|                                      | TLS_ECDHE_RSA_WITH_AES_256_GCM_SHA384         |                              |
|                                      | TLS_ECDHE_RSA_WITH_CHACHA20_POLY1305_SHA256   |                              |
|                                      | TLS_ECDHE_ECDSA_WITH_CHACHA20_POLY1305_SHA256 |                              |

Routing with certificates

When the router is activated, certificates are deployed to it in alignment with the certificates deployed in Varnish. Consequently, for each domain being routed with an active certificate, the respective certificate will be served based on the Server Name Indication (SNI) present in the client hello.

BaseURL certificate for routing.

Every routed request is directed towards the corresponding agent’s BaseURL, and it is possible to enable TLS for this by attaching a certificate to the agent. The certificate must align with the agent’s BaseURL. Utilizing a TLS certificate for the agent’s BaseURL ensures that health checks from the router are conducted over TLS.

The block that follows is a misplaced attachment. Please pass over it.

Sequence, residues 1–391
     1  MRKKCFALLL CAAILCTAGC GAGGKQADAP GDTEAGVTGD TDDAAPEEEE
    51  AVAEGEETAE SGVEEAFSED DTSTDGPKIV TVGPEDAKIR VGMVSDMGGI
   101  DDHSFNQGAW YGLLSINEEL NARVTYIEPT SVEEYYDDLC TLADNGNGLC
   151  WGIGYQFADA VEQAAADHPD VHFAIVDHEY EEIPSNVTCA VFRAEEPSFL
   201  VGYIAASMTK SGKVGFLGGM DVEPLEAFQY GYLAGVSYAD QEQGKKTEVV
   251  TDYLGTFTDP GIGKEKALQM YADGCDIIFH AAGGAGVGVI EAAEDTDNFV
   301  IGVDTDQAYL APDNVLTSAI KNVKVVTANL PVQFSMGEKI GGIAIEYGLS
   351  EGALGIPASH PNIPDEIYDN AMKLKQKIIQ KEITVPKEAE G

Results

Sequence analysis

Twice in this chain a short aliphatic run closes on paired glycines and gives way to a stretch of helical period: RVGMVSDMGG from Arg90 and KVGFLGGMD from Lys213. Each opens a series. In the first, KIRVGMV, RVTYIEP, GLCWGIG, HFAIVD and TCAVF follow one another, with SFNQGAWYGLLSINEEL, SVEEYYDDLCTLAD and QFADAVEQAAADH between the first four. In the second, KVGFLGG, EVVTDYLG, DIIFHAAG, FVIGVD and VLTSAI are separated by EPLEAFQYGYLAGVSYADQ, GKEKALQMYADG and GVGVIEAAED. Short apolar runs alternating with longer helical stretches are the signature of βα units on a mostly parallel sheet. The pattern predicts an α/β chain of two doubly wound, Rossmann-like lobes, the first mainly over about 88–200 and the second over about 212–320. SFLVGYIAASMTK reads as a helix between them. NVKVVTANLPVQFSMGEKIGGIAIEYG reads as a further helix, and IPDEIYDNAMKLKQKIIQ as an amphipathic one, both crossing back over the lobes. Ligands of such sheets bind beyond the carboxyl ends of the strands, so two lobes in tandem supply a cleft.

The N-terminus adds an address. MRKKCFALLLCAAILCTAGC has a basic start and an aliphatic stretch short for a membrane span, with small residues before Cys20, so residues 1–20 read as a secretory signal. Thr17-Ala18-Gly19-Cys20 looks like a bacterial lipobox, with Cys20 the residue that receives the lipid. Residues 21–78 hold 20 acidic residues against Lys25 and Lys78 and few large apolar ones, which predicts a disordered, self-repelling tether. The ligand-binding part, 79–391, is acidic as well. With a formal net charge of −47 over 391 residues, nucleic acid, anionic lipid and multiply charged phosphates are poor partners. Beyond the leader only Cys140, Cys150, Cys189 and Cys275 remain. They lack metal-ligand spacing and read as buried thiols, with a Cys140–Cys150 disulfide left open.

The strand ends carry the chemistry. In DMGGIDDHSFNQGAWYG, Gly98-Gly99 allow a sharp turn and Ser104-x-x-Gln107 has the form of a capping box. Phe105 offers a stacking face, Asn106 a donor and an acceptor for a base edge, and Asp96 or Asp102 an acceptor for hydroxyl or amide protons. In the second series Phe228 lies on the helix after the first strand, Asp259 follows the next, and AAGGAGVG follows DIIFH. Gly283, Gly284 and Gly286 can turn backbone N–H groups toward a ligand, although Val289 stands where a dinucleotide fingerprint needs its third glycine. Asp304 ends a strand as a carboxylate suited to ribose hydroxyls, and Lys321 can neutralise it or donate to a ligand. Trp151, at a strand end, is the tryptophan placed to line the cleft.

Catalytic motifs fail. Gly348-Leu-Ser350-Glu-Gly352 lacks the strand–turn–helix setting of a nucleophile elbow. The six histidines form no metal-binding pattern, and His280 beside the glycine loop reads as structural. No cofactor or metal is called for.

Default certificate

The router originally supported command-line configuration for a single certificate. An enhancement now permits dynamic override or replacement of this certificate during runtime. This newly introduced capability enables the use of a replacement certificate as the default. Specifically, this certificate is served to requests that do not match any domain Server Name Indication (SNI) and to requests directed towards the management interface.

Important notes

To ensure that no other certificate will be served when there is no SNI match, sni-nomatch-abort can be used. This can be configured in the varnish instance.